This post was contributed by Chelsea Kelly, student at Cristo Rey Brooklyn High School in Brooklyn, New York and 2015 Seton Scholar Recipient.
It’s the 2nd grade and my mom told me it was time to take my communion classes. Of course I didn’t understand what that meant but by what I was told, I got to hang out with friends and become closer to God. The moment I was done with my classes, I got to eat the bread and drink the grape juice at Mass. It was the best moment for me and my friends because it was such a big occasion.
Having the whole entire school together was just exciting for me at that age. But, to say the least, that was when I was just an average kid that didn’t know the real meaning of the occasion. I realize now that going to these classes was more for the social aspect and less for the religion aspect, but I’m glad I was set down that path when I was so young. I attended Catholic school from Pre-K to the 4th grade and then resumed attending for my high school career. During the years that I was not enrolled in Catholic school I was enrolled in public school. I didn’t know the meaning of what it was to be like in a Catholic school and the opportunities that were given to me until it was taken away from me.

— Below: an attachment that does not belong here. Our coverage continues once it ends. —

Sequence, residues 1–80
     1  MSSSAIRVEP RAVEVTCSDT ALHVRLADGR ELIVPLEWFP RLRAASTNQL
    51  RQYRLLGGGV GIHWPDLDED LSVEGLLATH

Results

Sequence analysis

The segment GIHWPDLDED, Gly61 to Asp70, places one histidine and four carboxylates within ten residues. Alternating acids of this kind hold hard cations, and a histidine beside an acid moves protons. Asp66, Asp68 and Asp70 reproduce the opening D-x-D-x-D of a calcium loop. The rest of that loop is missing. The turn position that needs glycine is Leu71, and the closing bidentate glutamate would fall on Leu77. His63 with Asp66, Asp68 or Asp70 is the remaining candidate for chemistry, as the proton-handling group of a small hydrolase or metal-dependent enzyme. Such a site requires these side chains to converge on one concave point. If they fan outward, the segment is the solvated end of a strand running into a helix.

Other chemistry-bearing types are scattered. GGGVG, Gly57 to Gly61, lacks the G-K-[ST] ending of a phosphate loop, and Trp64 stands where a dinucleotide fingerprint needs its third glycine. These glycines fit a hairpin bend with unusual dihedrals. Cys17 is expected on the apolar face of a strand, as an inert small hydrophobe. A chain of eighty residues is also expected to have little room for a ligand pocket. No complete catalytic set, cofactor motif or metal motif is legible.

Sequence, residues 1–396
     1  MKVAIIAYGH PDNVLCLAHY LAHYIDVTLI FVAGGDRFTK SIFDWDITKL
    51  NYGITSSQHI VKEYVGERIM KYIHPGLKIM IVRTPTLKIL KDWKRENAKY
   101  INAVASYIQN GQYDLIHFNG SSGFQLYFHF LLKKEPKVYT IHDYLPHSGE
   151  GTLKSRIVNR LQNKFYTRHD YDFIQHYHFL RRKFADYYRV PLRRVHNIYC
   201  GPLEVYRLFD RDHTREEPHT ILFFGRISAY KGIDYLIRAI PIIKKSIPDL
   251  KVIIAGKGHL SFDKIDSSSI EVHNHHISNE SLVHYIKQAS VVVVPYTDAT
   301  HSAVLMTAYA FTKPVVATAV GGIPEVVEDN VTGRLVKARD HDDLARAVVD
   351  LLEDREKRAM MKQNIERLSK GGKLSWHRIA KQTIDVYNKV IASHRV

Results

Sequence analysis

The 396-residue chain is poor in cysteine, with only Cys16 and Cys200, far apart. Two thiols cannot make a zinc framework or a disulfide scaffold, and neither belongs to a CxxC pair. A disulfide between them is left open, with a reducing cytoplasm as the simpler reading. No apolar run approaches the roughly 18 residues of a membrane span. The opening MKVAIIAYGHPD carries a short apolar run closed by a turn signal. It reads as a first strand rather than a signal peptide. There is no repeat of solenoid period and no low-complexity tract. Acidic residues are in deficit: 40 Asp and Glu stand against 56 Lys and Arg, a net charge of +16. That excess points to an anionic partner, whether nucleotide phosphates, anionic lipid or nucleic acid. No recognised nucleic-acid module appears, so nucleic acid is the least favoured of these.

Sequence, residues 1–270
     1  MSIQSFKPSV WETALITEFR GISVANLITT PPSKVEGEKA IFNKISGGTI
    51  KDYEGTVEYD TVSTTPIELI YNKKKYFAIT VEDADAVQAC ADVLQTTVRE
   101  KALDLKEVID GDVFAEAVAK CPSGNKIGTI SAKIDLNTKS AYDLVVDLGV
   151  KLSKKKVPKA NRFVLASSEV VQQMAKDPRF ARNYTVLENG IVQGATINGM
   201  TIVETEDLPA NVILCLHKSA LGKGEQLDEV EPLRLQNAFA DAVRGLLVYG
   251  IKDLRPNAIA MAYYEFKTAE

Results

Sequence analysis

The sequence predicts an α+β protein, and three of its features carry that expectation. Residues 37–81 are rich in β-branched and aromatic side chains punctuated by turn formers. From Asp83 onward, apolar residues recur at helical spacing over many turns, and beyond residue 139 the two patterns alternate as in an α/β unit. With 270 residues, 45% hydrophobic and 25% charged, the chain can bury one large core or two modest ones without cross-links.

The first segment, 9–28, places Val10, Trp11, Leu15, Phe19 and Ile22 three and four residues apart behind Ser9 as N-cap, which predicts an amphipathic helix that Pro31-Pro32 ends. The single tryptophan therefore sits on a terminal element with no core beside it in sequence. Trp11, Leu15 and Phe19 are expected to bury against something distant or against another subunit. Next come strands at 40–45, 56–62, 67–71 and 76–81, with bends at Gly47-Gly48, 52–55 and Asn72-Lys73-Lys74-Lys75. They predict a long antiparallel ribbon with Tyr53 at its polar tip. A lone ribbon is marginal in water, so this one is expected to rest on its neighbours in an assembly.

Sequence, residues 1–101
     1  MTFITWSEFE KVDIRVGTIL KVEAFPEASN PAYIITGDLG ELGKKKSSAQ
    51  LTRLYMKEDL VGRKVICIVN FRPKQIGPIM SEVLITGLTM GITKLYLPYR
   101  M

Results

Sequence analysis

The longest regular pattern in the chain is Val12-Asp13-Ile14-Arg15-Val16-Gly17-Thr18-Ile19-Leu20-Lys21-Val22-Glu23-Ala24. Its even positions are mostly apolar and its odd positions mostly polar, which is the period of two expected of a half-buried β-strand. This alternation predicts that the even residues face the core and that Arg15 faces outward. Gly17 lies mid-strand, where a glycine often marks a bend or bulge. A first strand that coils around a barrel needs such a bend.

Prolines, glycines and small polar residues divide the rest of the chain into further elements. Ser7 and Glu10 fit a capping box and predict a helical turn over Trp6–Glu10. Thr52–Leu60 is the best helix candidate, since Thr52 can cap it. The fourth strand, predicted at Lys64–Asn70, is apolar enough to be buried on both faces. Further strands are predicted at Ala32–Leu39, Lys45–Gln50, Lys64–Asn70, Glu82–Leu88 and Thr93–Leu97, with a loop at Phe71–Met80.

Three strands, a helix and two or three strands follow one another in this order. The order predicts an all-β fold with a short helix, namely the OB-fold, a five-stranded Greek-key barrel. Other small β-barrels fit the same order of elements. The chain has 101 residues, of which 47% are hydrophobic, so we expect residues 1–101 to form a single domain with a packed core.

I’ve always learned that if you don’t turn to God on your own, going through a struggle for sure will make you turn to God. And that’s what it did. During my freshmen year transitioning into my sophomore year, my mom was diagnosed with stage 3 breast cancer. This was the hardest time of my life, my personal struggle. But one thing I remembered was that I wasn’t going through this struggle alone. Every week a teacher or my principal would ask me how is my mom doing. I always had tremendous emotional support from everyone at school. I believe that if I was anywhere else where family, community, and unity wasn’t cherished like it was in school, it would have been even harder. Being in school I was encouraged to continue praying and keep my faith in God, and to believe He is everywhere with us. Just knowing I have people to lean on and assure me that I can be strong for myself and my family. I knew that going through that event and having that support meant that if I ever needed reassurance or needed someone to talk to, these people were always there – and they made sure I knew God was there as well.
Looking back at my 2nd grade self and comparing it to my 12th grade self, I was someone who didn’t have a firm belief and faith in God. Being in Catholic school has helped me understand the values of what God can do in my life. I really saw how God works through the people that follow him. Having the support that I had showed me ways to lean on God, and I am thankful for that.